catapult magazine

catapult magazine

Vol 2, Num 12 :: 2003.06.06 — 2003.06.19


Models of idealism

Visionary conversion

Of several men living today whose vision and idealism have inspired, motivated, and humbled me, Chuck Colson has been one of the most significant. Though I have only met and spoken with him personally a few times, he is still one of the most significant contemporary influences on my life through the example of his life and his teaching. To me he is a living model of my Biblical hero, the apostle Paul.

Colson was known as the White House "hatchet man" during his four years of service to President Richard Nixon. He was, according to the media of the mid-70s, a person "incapable of humanitarian thought."

Yet Christ claimed his heart. When news of his conversion to Christianity leaked to the press in 1973, the Boston Globe reported, "If Mr. Colson can repent of his sins, there just has to be hope for everybody."

Upon his release from prison, he founded Prison Fellowship Ministries, which, in cooperation with churches of all confessions and denominations, has become the world's largest outreach to prisoners, ex-prisoners, crime victims, and their families.

In addition to creating Angel Tree, which ministers to more than 500,000 children of inmates annually on behalf of their incarcerated parents, He launched a daily radio feature in 1991 called "BreakPoint," a unique attempt to provide a distinct Christian worldview on everyday issues and conflicts.

Chuck has written 20 books that challenge the church to transform the culture and become the presence of Christ in the world. In recognition of his work, Colson received the prestigious Templeton Prize for Progress in Religion in 1993, donating the $1 million prize to Prison Fellowship.

Though he is one of the Christian community's most sought-after speakers, he has refused to establish a speaking fee and donates all speaking honoraria and book royalties to Prison Fellowship. He accepts the salary of a mid-range ministry executive.

I gratefully follow Chuck as he follows Christ!

Idealism for the Long Haul

We tend to think of idealism as something that everyone holds onto during their heady college years, then when the real world comes along and slaps them in the face with grey area moral dilemmas and family commitments and suburban life, it falls by the wayside along with adolescent dreams, the tooth fairy, Santa Claus, and other such nonsense. Or perhaps it is a mid-life phase. A forty-year-old mother of three starts exercising and visiting the health food store and becomes a vegetarian. A middle-aged lawyer decides to step off the corporate treadmill and do pro-bono work—on the weekends. Older couple goes on a mission trip with their church one summer. Of course, the notion of idealism as a fad doesn't really fit with a Christian vision. Transforming the world is something that takes a long, concentrated effort over many years. Christians are supposed to be in it for the long haul.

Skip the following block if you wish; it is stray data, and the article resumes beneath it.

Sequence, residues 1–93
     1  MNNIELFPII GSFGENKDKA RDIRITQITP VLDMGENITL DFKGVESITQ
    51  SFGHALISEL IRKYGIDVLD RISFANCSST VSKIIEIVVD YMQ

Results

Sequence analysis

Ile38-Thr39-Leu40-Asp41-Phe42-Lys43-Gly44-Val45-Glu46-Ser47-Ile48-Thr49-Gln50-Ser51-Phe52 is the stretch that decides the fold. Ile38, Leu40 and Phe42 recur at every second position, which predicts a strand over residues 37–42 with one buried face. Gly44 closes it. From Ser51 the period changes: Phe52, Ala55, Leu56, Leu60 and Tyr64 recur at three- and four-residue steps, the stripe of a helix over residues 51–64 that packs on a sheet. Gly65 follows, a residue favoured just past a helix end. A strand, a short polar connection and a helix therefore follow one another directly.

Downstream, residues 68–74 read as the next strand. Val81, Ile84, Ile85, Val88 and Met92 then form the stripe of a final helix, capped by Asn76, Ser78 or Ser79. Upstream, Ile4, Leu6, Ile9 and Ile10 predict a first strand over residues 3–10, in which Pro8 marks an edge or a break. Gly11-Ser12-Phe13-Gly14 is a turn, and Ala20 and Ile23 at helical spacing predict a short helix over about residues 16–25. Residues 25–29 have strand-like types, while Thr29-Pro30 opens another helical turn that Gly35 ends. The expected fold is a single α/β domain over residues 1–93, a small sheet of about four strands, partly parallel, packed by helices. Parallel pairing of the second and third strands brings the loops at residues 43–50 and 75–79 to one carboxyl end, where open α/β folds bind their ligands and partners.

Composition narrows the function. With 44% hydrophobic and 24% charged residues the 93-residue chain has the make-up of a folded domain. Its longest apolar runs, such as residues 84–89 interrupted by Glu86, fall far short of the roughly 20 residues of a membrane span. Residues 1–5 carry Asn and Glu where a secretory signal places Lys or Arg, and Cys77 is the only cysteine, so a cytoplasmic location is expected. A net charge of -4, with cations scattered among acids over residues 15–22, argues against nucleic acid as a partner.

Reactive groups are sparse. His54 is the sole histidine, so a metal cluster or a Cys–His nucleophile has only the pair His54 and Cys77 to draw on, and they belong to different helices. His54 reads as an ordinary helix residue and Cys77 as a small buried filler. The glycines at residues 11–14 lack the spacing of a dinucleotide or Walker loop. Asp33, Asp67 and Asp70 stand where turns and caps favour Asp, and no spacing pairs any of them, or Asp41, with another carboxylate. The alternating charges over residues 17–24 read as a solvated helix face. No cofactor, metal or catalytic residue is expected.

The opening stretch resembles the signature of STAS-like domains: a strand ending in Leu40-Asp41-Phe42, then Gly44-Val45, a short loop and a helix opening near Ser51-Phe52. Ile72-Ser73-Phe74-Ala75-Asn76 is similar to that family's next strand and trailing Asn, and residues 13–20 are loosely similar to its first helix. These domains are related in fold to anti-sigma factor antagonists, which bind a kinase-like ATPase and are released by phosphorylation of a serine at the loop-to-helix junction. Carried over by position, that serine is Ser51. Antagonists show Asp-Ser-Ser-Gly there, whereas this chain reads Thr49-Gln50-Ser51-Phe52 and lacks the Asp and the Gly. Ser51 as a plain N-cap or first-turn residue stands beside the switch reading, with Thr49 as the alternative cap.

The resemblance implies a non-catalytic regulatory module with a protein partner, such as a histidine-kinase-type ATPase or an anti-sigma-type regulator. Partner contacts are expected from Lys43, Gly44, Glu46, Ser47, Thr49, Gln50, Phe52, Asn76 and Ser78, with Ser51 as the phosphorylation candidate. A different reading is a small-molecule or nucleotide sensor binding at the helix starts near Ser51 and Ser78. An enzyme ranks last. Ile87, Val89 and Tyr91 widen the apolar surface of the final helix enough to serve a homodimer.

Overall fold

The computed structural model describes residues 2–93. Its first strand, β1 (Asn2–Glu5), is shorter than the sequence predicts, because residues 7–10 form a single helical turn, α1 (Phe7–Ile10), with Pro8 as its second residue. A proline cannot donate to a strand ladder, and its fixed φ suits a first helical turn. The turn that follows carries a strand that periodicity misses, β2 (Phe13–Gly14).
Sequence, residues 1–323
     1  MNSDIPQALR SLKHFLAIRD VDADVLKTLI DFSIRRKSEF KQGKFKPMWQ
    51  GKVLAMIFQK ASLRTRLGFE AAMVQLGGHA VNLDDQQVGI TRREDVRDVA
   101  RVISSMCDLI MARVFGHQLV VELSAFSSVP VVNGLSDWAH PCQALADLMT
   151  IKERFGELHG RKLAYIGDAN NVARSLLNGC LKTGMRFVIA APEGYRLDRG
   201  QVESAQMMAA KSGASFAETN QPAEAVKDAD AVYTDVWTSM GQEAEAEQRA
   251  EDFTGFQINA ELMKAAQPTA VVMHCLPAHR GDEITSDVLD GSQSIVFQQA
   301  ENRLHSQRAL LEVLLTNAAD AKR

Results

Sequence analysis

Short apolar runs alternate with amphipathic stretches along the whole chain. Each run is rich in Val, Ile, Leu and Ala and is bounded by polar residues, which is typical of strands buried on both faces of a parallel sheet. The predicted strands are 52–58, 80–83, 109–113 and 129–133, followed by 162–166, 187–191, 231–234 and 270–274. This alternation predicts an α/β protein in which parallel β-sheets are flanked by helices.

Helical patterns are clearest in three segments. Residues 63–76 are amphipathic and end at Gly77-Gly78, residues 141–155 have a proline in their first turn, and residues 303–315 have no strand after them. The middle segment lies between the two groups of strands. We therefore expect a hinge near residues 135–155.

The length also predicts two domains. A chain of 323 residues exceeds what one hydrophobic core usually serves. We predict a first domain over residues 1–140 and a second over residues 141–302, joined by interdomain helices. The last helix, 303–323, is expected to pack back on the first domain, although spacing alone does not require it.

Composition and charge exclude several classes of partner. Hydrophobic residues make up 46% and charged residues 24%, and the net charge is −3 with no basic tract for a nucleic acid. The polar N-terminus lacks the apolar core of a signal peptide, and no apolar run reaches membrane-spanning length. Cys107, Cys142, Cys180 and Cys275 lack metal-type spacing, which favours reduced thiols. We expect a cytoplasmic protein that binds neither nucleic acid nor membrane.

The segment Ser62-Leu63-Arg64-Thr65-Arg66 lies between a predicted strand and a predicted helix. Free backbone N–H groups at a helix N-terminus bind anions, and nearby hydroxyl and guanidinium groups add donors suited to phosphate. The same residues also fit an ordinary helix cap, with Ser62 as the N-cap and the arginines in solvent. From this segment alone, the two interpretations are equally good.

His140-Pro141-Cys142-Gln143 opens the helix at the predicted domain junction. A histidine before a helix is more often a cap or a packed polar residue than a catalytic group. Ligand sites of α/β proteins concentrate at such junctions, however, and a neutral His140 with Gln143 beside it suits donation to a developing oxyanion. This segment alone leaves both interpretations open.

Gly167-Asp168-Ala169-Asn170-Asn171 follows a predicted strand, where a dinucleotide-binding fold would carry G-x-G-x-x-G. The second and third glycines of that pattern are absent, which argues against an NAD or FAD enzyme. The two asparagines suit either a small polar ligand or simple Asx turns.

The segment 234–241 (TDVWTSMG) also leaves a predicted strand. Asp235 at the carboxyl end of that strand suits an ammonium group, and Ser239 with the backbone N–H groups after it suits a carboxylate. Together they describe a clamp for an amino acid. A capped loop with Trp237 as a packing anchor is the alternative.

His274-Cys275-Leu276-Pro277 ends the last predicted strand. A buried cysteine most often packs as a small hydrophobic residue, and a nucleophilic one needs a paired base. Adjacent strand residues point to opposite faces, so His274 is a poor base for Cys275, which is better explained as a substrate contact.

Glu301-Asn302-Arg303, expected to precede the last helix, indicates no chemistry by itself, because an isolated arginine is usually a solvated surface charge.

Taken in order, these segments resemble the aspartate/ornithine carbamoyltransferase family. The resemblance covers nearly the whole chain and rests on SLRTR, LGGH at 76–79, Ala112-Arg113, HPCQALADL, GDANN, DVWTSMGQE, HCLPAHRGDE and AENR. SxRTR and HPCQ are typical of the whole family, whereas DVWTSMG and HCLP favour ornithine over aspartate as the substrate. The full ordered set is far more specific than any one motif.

I married into a rather remarkable family. My wife's parents have been consistently and actively seeking a Christian vision in ways that set them apart for years—yet most of their idealism is not very flashy. They raised six children on a Christian teacher's salary without ever complaining publicly about the tightness of money. They chose to stay in a racially diverse community rather than move out when their kids left the house. They write letters to the editor constantly. Their house has been open to refugees, the emotionally distraught, college students, and anyone who has needed a warm place with the smell of something amazing cooking. They travel every year to help in Cary, Mississippi. My mother-in-law has set a quiet example through her work at her church, prison ministry, and the local fair trade store. She quilts for her grandchildren, serves as deacon for her church, and maintains a beautiful garden for all who drive by. My father-in-law serves on boards for Christian schools, paints widows' houses, shows movies at the local rest home on Tuesday nights, and serves as a taxi service to anyone who needs a ride to the hospital. They care for their children through helping out with babysitting, giving amazing gifts and remarkable meals, and traveling to see those who are far away (Japan and New Zeeland).